Local taxpayer money is about to be spent keeping the well-being (read: property values) of many California communities from falling prey to vacant, repossessed homes. Menlo Park is one such community considering doing something to stop such neighborhood destruction from happening to their town. The Menlo Park City Council is looking into a Foreclosure Prevention Program, a pre-foreclosure workout for homeowners more than 90 days delinquent. Mortgage consultants would approach lenders and ask for a discount on the sale of the loan to a local bank and the city for the net value of the home’s current fair market value. The local bank would refinance the home for 70% of the home’s value with the city putting up 30% of the funds. The city would get their investment back under an appreciation participation arrangement with the delinquent homeowner when the property gets resold or refinanced during the next several years.

ft take: This program is a combination of old standing mortgage consultant services offered by HUD free to every delinquent homeowner in California (which is a highly regulated private service in California) and the totally failed congressional attempt to enact legislation, requiring lenders to cramdown mortgages and refinance that cramdown amount sufficient to receive FHA Section 257 insurance with the ability to cash out that loan in the secondary mortgage market. [See first tuesday articles “HR3221: The Unfortunate Housing Act of 2008” and SB 1137 in the “April 2009 Legislative Watch]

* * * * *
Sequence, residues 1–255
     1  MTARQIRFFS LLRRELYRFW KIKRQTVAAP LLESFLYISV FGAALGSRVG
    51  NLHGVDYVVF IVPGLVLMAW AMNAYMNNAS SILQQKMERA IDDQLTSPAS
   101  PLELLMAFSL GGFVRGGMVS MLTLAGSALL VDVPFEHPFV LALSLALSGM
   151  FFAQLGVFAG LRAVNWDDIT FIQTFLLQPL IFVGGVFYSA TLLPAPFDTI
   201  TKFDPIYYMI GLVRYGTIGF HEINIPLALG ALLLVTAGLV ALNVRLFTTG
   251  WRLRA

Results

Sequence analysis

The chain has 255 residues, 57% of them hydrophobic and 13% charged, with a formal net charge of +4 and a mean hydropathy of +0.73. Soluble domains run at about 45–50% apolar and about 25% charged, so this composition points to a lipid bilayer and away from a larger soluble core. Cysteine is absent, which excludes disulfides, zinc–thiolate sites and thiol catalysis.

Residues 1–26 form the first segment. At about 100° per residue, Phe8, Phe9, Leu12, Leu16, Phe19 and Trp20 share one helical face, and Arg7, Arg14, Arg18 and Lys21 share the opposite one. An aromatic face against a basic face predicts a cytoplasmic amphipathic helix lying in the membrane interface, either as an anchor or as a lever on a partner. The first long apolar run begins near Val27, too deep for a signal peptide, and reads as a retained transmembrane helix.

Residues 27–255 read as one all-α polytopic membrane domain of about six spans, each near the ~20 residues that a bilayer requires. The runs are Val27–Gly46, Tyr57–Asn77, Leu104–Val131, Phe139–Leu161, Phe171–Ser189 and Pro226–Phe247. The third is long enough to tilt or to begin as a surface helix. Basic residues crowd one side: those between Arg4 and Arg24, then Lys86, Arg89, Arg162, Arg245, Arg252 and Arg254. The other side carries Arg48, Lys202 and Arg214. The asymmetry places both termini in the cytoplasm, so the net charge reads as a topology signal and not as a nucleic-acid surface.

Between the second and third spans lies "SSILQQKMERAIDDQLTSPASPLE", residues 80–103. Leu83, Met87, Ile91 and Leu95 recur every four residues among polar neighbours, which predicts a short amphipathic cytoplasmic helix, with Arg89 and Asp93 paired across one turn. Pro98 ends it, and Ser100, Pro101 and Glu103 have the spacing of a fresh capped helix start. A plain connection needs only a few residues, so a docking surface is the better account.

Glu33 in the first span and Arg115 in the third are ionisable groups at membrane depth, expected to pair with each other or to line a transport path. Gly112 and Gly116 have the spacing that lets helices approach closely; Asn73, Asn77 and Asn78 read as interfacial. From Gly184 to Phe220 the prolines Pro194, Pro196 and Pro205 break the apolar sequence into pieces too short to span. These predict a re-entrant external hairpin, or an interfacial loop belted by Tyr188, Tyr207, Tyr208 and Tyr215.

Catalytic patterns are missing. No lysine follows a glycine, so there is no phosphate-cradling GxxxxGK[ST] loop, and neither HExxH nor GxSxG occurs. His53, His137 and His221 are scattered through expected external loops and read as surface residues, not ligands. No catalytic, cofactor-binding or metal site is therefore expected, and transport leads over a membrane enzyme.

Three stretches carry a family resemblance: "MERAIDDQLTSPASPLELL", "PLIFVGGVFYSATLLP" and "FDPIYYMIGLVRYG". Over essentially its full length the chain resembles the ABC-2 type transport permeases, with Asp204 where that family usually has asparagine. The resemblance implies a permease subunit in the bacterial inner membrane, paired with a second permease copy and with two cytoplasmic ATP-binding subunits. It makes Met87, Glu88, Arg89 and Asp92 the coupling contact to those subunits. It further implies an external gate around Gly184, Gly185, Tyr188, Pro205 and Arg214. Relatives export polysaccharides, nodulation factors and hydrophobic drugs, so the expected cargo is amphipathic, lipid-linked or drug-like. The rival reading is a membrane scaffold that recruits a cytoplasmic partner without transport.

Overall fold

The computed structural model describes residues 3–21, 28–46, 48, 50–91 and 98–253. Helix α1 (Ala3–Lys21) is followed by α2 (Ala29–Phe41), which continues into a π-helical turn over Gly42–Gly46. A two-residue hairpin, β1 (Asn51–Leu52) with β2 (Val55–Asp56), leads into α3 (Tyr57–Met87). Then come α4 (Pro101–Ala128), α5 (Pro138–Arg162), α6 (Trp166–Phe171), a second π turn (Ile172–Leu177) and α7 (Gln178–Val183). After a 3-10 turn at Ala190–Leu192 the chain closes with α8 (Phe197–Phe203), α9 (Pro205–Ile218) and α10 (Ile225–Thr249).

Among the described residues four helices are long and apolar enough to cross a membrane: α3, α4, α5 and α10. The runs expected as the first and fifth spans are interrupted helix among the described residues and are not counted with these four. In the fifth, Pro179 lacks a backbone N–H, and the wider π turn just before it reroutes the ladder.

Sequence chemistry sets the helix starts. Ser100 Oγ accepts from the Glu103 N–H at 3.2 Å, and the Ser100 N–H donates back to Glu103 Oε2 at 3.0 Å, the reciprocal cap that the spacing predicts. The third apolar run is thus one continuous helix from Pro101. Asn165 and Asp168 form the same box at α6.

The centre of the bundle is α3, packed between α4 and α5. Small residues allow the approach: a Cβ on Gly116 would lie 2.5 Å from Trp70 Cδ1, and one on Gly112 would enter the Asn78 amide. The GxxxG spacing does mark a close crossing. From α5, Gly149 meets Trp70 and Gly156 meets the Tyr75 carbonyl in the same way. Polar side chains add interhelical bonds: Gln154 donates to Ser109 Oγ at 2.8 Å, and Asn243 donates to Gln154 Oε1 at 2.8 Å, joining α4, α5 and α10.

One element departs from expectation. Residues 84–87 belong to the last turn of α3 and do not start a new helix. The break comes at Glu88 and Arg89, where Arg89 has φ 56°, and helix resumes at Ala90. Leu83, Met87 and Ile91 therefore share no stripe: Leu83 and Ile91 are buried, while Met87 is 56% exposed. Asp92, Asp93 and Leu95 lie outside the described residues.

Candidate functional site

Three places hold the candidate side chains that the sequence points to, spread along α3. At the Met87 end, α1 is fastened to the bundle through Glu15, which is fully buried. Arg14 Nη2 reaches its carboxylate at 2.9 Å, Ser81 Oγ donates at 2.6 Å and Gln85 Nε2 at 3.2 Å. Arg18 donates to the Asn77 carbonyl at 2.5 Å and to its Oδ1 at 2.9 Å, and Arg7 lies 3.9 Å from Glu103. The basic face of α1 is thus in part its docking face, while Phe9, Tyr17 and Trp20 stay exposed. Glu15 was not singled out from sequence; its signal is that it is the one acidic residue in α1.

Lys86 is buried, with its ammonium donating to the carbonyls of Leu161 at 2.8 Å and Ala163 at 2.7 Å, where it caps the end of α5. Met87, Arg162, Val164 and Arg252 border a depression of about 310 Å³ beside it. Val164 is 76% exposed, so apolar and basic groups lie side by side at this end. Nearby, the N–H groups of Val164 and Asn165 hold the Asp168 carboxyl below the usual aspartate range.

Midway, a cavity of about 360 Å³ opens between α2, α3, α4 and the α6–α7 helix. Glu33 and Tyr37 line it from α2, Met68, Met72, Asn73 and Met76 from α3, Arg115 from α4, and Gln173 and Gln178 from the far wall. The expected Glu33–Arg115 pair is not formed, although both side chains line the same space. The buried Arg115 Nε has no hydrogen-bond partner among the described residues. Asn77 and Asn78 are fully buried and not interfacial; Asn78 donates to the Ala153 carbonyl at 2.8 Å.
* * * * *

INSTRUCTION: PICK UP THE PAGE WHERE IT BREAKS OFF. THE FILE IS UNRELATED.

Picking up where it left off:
The reason for the failure: No lender will discount by cramming down the principal to the property value (90% of value for the loan to be FHA 257 insured) as they would rather foreclose en masse than reduce the principal on an existing loan. Lenders are talking the talk about this moral risk issue, but do not consider walking that walk themselves. Then taxpayers are asked to pay lenders more than the lender will get for the loan under any circumstances in the current mortgage market, and to do so based on the erroneous belief that an equity sharing arrangement with the delinquent homeowners will produce a return of the city’s investment as a junior lien holder with an equity sharing position on that house. This is absolutely a surefire way to lose taxpayer money, and the mortgage lender with the toxic loan will be smiling all the way to the bank. Oh yes, the homeowner will most likely re-default; the financial incentives under this sort of plan offer nothing of long-term benefit to a rational property owner.

Re: “New Menlo Park idea to cut foreclosures– from The San Francisco Chronicle